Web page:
A trade, on the other hand, could make sense. Again, $4 million is chump change in today's market. With Williams' durability, he would seem like a great fit on a non-contender in the NL to soak up 175 innings. If the Angels can get so much as a fringe prospect or a few hundred thousand bucks for the rights to Williams, they should jump on the chance. It is always better to get a tiny bit of something in exchange for an unwanted asset instead of nothing like they did with the Dan Haren debacle last offseason. Alas, Williams and his agent will likely get their wish and Williams will sign elsewhere for about 75% of the money that he would've gotten had he been tendered.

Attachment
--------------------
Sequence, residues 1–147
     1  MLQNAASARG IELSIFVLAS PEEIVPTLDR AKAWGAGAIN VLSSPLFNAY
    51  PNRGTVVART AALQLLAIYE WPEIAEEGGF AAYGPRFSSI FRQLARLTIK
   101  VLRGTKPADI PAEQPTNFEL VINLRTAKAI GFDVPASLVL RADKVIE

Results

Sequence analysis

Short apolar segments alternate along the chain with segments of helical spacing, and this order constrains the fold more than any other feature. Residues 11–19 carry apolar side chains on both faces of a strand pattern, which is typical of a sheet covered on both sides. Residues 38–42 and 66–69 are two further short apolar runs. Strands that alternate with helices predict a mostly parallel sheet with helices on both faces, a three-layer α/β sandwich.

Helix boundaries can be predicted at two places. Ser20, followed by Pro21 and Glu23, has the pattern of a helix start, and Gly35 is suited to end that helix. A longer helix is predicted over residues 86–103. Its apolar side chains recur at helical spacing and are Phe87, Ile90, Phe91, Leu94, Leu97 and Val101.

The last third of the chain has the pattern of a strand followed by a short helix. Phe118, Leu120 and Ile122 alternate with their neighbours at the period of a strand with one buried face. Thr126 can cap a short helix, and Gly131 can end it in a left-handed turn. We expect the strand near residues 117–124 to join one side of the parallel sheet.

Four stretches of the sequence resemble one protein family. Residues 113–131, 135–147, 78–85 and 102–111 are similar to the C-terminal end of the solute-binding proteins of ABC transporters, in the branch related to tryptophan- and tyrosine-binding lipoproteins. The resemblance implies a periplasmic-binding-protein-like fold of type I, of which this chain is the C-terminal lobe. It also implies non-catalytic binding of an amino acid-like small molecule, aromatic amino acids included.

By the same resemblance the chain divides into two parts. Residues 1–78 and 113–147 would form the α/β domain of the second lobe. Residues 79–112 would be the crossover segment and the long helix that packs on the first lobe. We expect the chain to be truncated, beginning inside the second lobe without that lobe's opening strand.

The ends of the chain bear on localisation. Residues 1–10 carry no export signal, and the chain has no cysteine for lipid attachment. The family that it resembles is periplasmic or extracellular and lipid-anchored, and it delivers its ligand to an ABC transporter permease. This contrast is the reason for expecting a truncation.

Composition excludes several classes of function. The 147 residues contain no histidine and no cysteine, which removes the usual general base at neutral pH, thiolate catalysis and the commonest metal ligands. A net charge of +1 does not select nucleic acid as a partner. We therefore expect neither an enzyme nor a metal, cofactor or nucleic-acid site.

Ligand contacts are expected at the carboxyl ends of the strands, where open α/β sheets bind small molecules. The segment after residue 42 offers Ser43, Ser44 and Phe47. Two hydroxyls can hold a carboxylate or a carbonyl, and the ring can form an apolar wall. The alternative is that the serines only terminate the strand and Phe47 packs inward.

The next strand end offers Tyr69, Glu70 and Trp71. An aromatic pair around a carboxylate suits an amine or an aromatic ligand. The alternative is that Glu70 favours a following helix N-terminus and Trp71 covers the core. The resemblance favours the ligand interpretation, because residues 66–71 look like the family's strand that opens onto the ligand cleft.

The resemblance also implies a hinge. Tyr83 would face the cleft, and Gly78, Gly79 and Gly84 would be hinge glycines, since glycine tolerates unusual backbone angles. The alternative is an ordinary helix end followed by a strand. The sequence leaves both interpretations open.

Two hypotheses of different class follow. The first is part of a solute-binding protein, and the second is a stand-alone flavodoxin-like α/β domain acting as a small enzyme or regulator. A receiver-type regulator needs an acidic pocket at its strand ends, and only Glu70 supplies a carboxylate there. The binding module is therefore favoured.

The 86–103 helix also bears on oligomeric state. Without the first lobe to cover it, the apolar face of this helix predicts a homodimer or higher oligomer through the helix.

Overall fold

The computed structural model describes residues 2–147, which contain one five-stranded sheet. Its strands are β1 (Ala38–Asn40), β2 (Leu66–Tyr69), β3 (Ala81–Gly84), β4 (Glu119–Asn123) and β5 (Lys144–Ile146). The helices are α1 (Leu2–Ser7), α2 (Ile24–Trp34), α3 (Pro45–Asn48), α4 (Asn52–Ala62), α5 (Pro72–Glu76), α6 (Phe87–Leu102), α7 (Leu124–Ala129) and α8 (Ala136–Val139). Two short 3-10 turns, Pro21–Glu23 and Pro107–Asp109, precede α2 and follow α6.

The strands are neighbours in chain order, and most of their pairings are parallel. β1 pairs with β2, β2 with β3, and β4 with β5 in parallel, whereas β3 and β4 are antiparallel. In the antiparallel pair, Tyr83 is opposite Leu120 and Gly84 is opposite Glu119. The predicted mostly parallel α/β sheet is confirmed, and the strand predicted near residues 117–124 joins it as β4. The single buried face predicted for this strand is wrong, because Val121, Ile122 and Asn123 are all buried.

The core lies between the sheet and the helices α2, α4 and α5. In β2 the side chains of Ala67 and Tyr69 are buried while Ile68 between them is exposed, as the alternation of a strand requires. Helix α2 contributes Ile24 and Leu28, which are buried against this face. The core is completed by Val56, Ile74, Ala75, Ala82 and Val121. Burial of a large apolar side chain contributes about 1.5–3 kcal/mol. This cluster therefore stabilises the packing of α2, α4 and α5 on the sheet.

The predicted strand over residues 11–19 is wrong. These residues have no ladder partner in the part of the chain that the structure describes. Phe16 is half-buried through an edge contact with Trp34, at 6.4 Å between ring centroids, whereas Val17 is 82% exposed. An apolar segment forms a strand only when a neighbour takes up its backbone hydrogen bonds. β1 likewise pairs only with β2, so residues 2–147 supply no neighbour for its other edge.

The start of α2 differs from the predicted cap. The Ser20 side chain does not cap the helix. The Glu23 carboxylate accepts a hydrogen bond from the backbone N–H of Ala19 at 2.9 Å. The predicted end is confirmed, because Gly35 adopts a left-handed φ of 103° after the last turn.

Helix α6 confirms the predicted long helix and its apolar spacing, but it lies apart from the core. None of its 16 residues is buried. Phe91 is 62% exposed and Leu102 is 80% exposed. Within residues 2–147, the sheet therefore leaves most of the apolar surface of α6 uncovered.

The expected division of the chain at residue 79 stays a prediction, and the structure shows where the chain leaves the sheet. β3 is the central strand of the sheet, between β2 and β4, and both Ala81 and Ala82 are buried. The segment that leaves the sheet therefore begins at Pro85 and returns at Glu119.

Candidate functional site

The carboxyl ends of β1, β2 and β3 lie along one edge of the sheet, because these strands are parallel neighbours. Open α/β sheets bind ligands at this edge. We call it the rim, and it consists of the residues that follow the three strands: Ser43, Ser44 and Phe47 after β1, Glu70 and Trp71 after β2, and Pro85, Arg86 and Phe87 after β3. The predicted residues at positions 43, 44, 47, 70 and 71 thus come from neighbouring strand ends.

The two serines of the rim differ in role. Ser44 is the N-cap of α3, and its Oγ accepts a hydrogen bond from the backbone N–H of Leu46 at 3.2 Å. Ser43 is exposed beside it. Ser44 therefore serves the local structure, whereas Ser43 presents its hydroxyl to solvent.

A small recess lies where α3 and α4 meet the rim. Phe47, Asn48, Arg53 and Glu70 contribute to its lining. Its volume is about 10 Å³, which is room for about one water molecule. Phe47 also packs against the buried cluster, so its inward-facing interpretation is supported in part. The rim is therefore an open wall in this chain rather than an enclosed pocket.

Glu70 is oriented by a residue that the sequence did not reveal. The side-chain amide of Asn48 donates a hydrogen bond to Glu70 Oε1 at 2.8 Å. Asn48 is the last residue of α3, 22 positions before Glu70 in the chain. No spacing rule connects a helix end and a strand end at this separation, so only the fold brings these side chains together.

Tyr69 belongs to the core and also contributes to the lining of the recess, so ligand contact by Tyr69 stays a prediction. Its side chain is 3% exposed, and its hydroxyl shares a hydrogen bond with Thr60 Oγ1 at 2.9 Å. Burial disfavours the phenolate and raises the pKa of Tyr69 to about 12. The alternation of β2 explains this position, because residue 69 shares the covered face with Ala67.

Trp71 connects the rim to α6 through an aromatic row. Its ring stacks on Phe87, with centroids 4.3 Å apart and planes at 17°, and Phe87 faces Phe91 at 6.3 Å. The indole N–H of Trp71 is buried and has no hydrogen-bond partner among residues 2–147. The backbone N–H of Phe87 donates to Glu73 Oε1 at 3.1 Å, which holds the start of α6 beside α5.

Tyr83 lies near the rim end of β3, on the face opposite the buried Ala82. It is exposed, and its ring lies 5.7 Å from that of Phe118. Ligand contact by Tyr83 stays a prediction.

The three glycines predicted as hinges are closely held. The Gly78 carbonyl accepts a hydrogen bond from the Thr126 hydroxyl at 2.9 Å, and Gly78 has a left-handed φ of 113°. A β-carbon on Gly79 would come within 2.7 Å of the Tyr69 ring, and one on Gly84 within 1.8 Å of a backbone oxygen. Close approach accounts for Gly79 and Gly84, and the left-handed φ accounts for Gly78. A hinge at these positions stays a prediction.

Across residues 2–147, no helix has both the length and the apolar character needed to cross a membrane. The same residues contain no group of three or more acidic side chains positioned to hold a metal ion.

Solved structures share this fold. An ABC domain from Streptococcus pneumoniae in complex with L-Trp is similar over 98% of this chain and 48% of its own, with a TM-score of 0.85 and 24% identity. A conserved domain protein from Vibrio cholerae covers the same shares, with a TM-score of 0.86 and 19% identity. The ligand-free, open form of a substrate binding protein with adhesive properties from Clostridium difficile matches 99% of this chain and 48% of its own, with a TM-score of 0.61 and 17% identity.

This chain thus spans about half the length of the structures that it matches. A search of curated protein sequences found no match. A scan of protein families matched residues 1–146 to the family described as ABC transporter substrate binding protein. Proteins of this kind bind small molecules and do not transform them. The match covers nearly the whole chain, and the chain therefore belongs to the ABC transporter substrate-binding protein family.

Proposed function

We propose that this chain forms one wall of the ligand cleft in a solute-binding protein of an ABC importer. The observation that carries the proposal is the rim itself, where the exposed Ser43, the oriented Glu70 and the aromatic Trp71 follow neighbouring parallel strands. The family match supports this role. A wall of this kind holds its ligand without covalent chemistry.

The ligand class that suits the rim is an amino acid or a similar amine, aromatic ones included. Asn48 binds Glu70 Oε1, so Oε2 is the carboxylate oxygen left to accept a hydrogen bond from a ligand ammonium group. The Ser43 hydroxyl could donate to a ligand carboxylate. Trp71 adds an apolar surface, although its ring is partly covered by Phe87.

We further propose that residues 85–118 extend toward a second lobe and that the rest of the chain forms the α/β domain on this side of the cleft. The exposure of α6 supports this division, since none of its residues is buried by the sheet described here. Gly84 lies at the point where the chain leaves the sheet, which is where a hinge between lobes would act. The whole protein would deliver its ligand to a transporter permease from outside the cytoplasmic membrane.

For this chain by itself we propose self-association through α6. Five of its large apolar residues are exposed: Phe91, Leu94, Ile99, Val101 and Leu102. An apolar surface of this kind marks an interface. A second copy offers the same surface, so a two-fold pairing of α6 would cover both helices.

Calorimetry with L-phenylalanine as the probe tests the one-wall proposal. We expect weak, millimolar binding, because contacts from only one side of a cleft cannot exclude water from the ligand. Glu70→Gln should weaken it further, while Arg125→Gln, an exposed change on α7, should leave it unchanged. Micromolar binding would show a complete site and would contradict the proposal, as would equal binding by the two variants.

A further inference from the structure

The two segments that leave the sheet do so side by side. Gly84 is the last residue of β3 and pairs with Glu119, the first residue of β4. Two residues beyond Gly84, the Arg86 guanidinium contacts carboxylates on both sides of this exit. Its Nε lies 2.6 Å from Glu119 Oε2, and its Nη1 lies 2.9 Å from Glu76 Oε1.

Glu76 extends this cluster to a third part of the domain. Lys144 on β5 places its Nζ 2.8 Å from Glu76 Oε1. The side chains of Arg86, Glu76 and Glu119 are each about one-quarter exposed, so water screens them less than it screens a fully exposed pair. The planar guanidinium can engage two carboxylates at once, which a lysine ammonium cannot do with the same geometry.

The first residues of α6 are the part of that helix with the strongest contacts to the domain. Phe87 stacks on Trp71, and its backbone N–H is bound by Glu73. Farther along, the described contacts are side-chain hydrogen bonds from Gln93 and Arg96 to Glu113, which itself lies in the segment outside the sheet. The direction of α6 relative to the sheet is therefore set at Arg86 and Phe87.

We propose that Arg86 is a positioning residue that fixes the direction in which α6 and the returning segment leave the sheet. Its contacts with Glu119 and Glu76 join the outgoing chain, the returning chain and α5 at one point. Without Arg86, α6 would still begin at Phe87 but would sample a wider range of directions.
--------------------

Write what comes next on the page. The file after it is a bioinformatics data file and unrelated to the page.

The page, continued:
Jepsen is actually the one guy on this list who probably will be tendered an offer. He has done virtually nothing to earn the roughly $1.4 million he is projected to earn in 2014, but at the end of the day it is just $1.4 million. With the way the current Angel bullpen depth chart is set up, tendering Jepsen an offer should guarantee him the final opening in the 'pen. The key word there is "should." As the 12th guy on the staff, you could do a lot worse than Jepsen as he still throws in the high-to-mid nineties with a cutter/slider/whatever and at least some kind of track record of success. The alternative would be to open up the spot to a battle royale competition in spring training amongst all the youngsters like Michael Kohn, Nick Maronde, Mike Morin, R.J. Alvarez, Buddy Boshers and whatever non-roster invitees Dipoto adds between now and training camp. That competition would be good for getting the maximum utility out of the roster spot rather than hoping that the good version of Jepsen decides to show up in 2014.